Kinetic Study of Novel Inhibitors Against Giardia duodenalis MTA Nucleosidase
Ken Cornell, Ph.D.
Giardia duodenalis is a protozoan parasite that infects the small intestine and causes 1.2 million illnesses in the United States each year, but the even larger concern is in developing countries where there is less access to clean water. In many countries the infection rate of G. duodenalis reaches 50% of the population annually.
Currently, giardiasis is treated with metronidazole, but G. duodenalis is becoming increasingly more resistant to this medication and there are few alternatives, making it vital that novel medical interventions be considered.
A potential target of new drug development is the enzyme 5’-methylthioadenosine nucleosidase (MTN) which cleaves methylthioadenosine (MTA) to adenine and methylthioribose. This pathway is of great interest because inhibiting the cleavage of MTA would disrupt the ability to recover essential compounds such as adenine and methionine, hindering cellular growth.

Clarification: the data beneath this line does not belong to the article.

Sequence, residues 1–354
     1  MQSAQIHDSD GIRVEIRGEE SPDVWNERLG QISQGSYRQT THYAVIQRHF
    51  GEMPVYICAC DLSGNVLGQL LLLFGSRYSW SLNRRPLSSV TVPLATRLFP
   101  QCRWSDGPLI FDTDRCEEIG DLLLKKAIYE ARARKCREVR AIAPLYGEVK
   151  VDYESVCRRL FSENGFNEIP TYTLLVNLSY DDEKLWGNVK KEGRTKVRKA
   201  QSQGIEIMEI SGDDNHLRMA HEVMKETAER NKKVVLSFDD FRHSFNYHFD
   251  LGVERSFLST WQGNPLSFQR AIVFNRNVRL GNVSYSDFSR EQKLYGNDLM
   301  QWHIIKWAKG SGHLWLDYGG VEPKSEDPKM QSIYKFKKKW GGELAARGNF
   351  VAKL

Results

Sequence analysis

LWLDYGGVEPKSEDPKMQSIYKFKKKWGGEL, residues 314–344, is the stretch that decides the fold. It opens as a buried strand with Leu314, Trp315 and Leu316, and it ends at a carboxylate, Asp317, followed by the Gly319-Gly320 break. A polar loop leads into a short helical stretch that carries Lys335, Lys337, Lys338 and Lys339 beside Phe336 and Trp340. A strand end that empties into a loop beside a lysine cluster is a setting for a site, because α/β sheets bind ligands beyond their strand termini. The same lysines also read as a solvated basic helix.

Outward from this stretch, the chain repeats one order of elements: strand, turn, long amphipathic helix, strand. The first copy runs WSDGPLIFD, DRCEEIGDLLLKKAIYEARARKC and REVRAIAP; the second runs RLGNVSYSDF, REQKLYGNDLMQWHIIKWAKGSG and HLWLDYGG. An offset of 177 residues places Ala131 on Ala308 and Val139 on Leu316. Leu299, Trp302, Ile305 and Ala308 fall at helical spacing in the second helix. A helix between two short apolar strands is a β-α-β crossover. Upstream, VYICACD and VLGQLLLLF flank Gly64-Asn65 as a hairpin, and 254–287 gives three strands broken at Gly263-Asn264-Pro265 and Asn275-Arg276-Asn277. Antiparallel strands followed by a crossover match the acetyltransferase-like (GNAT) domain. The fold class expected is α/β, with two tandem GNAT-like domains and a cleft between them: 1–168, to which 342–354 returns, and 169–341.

For this study, recombinant Giardia MTN proteins were purified, and the inhibitory activity of selected small molecule inhibitors tested using an UV spectrophotometric assay. We found that several compounds demonstrate inhibitory activity against Giardia MTN enzymes at low micromolar concentrations, underscoring their potential as new antiparasitic drugs for the treatment of giardiasis.
Sweet, Brandi; Wagner, Julie; and Cornell, Ken, "Kinetic Study of Novel Inhibitors Against Giardia duodenalis MTA Nucleosidase" (2021). 2021 Undergraduate Research Showcase. 146.